The city of Louisville recently launched a campaign warning residents about the prevalence of counterfeit prescription drugs that contain fentanyl, a dangerous opioid that’s been linked to thousands of overdose deaths. On December 30, Louisville’s Department of Public Health and Wellness began circulation of a flier titled “Can You Tell the Difference?” The flier shows pictures of real prescription drugs and fake pills, showing they look identical. Louisville officials are asking people not to use any drugs purchased outside of a pharmacy by yourself. According to the Public Health Dept., these counterfeits now inundate Louisville’s drug supply.
Accessibility of Fake Pills
This comes amid the opioid crisis climate in which consumers can get drugs so many different ways. Illicit substances are freely accessible through friends, the internet and of course more estranged street acquaintances.
Users often don’t know what they’re getting in many of these circumstances, and overdose catches them off guard. It follows ingestion within minutes sometimes. The U.S. Drug Enforcement Agency has put more effort into warning about fentanyl in the last two years than into any other drug. As of the penning of this article, the DEA’s homepage dedicates much of its cyber real estate to specifically that topic.
Fentanyl-related drugs often alter the perception of pain and release endorphins. This yields a powerful ecstasy. That’s what the individual human beings behind Louisville’s record-high overdose deaths were chasing when they passed.
Harm Reduction: Fake Pills or No
“Assume prescription drugs you buy anywhere but a pharmacy are counterfeit,” warned Louisville Metro Health and Wellness. “If you decide to use it anyway, try using a lesser amount than usual. Swallow it instead of snorting or injecting it.”
The advice assumes many will still take drugs that they know might be laced with fentanyl. It’s an implicit nod to harm reduction philosophies advocated by more and more organizations nationwide as of late.
Don’t Use Alone
The same thought process is born out by the department’s next warning against using a suspiciously acquired substance alone. It’s best to have company with you, preferably someone who isn’t using.
First responders say this has become the key to saving lives, which is why harm reduction studies have found it so critical to destigmatize substance use disorders. Users need to be able to use or relapse with company who can save them because fatal overdoses typically occur “among individuals using alone.” That was the conclusion of a 2020 study in British Columbia.
From first responders’ perspective, Narcan (or naloxone) is also a major necessity. Administering it is how they save lives but also how friends can save lives before paramedics arrive on the scene of an overdose. The Public Health and Wellness flyer addressed that also.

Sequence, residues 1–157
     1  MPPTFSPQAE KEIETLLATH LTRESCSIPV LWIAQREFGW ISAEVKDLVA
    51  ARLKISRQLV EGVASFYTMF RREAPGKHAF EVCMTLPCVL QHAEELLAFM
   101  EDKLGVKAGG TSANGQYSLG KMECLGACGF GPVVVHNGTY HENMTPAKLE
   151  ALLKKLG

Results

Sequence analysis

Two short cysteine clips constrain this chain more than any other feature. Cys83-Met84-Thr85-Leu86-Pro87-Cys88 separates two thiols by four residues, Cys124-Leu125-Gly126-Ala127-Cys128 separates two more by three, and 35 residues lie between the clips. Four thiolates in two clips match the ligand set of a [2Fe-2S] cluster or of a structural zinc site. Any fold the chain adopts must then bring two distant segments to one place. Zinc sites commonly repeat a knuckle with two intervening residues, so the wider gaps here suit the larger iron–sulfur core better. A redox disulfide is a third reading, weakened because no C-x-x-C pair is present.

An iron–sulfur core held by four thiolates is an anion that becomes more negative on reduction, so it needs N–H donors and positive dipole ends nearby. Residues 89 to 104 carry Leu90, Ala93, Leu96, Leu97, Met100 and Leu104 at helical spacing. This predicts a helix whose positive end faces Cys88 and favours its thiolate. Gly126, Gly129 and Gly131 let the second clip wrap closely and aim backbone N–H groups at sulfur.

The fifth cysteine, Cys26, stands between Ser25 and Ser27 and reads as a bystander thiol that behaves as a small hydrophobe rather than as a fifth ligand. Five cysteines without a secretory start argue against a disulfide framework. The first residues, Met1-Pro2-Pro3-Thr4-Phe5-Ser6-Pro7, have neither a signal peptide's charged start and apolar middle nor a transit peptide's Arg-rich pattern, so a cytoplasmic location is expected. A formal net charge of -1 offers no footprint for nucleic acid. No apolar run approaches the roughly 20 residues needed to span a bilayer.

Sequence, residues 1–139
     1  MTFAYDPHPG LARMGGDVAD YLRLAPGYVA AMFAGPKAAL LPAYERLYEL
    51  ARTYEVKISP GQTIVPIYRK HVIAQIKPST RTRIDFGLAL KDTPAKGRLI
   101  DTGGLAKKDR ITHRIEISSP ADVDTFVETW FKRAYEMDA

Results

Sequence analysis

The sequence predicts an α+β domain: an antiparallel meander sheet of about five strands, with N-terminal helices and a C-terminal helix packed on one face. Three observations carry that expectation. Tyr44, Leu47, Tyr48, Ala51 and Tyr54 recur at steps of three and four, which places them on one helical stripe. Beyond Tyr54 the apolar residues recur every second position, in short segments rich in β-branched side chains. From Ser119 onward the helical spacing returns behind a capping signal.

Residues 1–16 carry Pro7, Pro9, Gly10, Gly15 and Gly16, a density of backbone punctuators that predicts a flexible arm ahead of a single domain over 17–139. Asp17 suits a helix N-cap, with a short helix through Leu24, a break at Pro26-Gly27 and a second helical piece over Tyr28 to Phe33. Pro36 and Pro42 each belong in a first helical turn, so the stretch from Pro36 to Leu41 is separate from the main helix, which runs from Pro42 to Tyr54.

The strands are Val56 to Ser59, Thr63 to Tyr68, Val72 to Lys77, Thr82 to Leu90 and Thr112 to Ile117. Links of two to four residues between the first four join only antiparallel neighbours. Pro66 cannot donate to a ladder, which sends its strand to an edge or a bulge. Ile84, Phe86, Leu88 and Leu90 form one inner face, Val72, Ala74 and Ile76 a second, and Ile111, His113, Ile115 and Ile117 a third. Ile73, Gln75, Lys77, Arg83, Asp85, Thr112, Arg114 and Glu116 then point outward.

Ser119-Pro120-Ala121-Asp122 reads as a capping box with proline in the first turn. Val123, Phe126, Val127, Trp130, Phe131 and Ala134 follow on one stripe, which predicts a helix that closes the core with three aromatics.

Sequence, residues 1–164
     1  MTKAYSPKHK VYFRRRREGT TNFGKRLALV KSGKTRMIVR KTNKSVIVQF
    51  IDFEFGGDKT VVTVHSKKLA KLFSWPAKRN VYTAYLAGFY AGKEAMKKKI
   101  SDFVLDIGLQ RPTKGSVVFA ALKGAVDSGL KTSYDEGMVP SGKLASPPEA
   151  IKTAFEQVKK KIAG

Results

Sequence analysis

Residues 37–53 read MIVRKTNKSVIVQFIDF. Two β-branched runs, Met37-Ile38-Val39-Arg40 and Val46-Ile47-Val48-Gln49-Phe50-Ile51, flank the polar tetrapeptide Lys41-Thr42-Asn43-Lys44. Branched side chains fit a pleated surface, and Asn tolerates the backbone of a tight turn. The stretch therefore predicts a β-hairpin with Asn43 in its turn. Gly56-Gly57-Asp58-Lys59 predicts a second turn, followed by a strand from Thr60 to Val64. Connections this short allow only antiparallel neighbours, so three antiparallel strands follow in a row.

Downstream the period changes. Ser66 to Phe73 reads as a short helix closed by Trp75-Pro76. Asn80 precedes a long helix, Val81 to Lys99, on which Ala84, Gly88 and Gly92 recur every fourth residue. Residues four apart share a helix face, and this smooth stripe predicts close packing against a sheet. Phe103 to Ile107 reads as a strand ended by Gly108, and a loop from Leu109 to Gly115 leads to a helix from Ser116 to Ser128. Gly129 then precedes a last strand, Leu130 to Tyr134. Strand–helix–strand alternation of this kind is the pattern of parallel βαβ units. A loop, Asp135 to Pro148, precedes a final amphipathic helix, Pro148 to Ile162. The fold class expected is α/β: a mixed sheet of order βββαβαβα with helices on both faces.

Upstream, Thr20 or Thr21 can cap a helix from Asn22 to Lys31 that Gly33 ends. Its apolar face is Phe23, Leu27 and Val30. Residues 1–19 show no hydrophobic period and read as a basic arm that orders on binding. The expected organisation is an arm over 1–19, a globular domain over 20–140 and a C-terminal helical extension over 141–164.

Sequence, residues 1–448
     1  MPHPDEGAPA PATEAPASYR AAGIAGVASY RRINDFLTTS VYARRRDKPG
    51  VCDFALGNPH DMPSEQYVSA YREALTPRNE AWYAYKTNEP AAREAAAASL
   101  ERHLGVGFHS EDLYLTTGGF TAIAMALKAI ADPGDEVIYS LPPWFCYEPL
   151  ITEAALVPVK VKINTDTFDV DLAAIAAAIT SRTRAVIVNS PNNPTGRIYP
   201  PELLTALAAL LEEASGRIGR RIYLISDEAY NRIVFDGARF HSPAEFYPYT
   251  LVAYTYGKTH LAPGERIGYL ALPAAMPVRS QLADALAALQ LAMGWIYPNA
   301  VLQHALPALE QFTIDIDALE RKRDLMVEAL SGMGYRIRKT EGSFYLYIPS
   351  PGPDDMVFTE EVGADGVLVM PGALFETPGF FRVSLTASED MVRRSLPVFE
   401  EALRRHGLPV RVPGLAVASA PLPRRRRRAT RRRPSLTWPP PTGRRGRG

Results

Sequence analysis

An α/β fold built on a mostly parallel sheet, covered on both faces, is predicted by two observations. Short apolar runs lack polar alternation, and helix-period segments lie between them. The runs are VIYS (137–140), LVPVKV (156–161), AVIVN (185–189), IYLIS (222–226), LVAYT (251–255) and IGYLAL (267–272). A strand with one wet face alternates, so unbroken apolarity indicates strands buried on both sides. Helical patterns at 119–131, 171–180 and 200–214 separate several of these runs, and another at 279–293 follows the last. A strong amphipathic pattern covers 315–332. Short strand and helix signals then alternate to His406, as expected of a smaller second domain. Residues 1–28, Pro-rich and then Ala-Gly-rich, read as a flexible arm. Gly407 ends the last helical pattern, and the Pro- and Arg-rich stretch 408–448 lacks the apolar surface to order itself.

“Always have overdose reversal drug NARCAN on hand. Free Narcan is available at your local health department, Quick Response Team and most pharmacies,” Metro Health and Wellness said.
You can learn how to administer Narcan here. Another valuable resource for parents and loved ones of those who might be involved in substance abuse is Drop the F Bomb. It’s an online resource that educates people about fentanyl, tips on how to discuss it with kids and how to use Narcan.
At present, Kentucky is seeing significant policy shifts intended to address the opioid crisis. The Centers for Disease Control and Prevention report two-thirds of overdose mortality in the state is attributable to fentanyl and other synthetic opioids.
State Sen. Ralph Alvarado has been fielding bills to subtly decriminalize drug addiction without decriminalizing the sale and distribution thereof. Critics argue it’s not doable. Alvarado’s also pushing regulatory solutions in the addiction treatment space. The Office of Drug Control Policy’s also trying to shore up relationships between government and private-sector aides like those.
Are You Battling Addiction?
If you or a loved one wrestle with substance use disorder, call 502.309.2675 to talk to addiction specialists at Landmark Recovery of Louisville today. Landmark can provide transportation from wherever in Kentucky you are to the treatment facility. Once there, you can be assessed for a residential treatment program.
We may also find that it’s better for you to be involved in our intensive outpatient treatment rather than being housed by Landmark because it’s more ideal for your circumstance. We’ll figure out how to help you finance it after we’ve gotten your treatment settled.
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